New and Noteworthy

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Eric Kennington remains one of Britain's most influential twentieth century sculptors. In The Sculpture of Eric Kennington (60.00 [pounds sterling]), published by LUND HUMPHRIES in association with the Henry Moore Foundation, the author, Jonathan Black, argues that Kennington 'sought to create accessible works of public art in a broadly modernist idiom'. His greatest work, the author claims, is his recumbent, Crusader-inspired effigy of T. E. Lawrence ('Lawrence of Arabia') in the parish church of St Martin in Wareham, Dorset. Surprisingly, this is the first book on Kennington's sculpture. It combines numerous illustrations with a biography, an artistic appreciation and a complete catalogue of his works. Sadly Kennington has been superseded amongst the intelligentsia by what passes for sculpture in modern Britain. One hopes that this excellent book will help to restore the work of Eric Kennington to the place it deserves.

From WEIDENFELD & NICOLSON we have What is Good? The Search for the Best way to Live (18.99 [pounds sterling]) by A. C. Grayling, a philosophy don at St Anne's College, Oxford and Birkbeck College, London. In a study devised for the 'general reader' Mr Grayling shows that philosophy can be relevant to real life. His aim is 'to introduce some of the best of what has been thought and said about the most important question facing mankind'. His method is both chronological and conceptual and he begins, appropriately enough, with Classical Greece. He concludes that the best answer to the question of 'What is good?' 'can only be: "The considered life--free, creative, informed and chosen, a life of achievement and fulfillment, of pleasure and understanding, of love and friendship in short, the best human life in a human world, humanely lived"'.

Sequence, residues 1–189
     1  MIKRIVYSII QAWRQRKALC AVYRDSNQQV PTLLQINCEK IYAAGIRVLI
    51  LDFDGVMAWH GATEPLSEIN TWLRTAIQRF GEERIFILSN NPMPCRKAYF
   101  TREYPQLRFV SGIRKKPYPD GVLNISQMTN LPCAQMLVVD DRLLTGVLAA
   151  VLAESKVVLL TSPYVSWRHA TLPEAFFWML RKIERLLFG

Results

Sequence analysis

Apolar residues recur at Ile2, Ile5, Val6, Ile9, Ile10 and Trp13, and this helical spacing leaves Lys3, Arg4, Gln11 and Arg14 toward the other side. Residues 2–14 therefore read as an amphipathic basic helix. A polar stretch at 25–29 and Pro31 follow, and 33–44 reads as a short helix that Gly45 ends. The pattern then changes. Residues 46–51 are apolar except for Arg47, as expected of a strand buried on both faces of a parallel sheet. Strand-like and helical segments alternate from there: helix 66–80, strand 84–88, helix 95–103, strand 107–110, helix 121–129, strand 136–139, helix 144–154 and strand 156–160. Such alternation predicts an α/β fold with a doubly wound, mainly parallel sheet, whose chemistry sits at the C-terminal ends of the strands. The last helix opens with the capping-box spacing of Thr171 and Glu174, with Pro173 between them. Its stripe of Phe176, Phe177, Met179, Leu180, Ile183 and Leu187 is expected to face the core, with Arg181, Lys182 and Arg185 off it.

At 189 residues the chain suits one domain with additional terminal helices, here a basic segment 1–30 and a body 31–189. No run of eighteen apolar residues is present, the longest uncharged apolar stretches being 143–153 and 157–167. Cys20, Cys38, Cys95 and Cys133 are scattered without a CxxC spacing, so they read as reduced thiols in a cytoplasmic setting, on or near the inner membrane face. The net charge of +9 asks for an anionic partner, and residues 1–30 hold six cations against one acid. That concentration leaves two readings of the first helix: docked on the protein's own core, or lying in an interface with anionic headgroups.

J. M. DENT in its 'Everyman' series has brought out a new, abridged edition of David Hume's A Treatise of Human Nature (8.99 [pounds sterling]) edited by J. P. Wright, Robert Stecker and Gary Fuller of Central Michigan University. Hume's fast book was published in parts between 1739 and 1740. Despite its poor reception, the Treatise remains, in the editors' words, 'his most profound philosophical work'. Hume's text is not easy to edit because the author later rejected some of his youthful arguments. Where this is the case the editors have removed affected passages. They have also removed some repetitive passages as well as certain entire sections in Books II and III. In compensation they have given readers a helpful introduction, useful notes and a valuable appendix on 'Hume and His Critics'.

In The Mapmakers' Quest: Depicting New Worlds in Renaissance Europe, published by OXFORD UNIVERSITY PRESS (20.00 [pounds sterling]) the author, Professor David Buisseret, is concerned with the development of maps in late mediaeval Europe. In 1400 Britain and Europe were far behind Japan and China in the production and use of maps. By 1700, 'Europe had drawn ahead of the rest of the world in virtually every kind of mapping'. British and European expansion, especially in the eighteenth and nineteenth centuries, meant that this predominance had world-wide effects. Professor Buisseret agrees with earlier scholars' conclusions that mediaeval use of maps was far more complex than was earlier thought. He arranges his survey in a basically chronological format and in each period covered shows that map-making was always part of the social history of the period, whether it was concerned with extending government power or enhancing trade. …